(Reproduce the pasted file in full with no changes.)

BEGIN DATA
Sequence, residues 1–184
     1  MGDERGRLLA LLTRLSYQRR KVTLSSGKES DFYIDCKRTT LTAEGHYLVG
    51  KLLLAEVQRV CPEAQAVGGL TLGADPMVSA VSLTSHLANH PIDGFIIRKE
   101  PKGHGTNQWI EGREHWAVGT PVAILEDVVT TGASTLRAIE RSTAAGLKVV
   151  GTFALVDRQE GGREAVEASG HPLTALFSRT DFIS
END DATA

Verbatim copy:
Sequence, residues 1–184
     1  MGDERGRLLA LLTRLSYQRR KVTLSSGKES DFYIDCKRTT LTAEGHYLVG
    51  KLLLAEVQRV CPEAQAVGGL TLGADPMVSA VSLTSHLANH PIDGFIIRKE
   101  PKGHGTNQWI EGREHWAVGT PVAILEDVVT TGASTLRAIE RSTAAGLKVV
   151  GTFALVDRQE GGREAVEASG HPLTALFSRT DFIS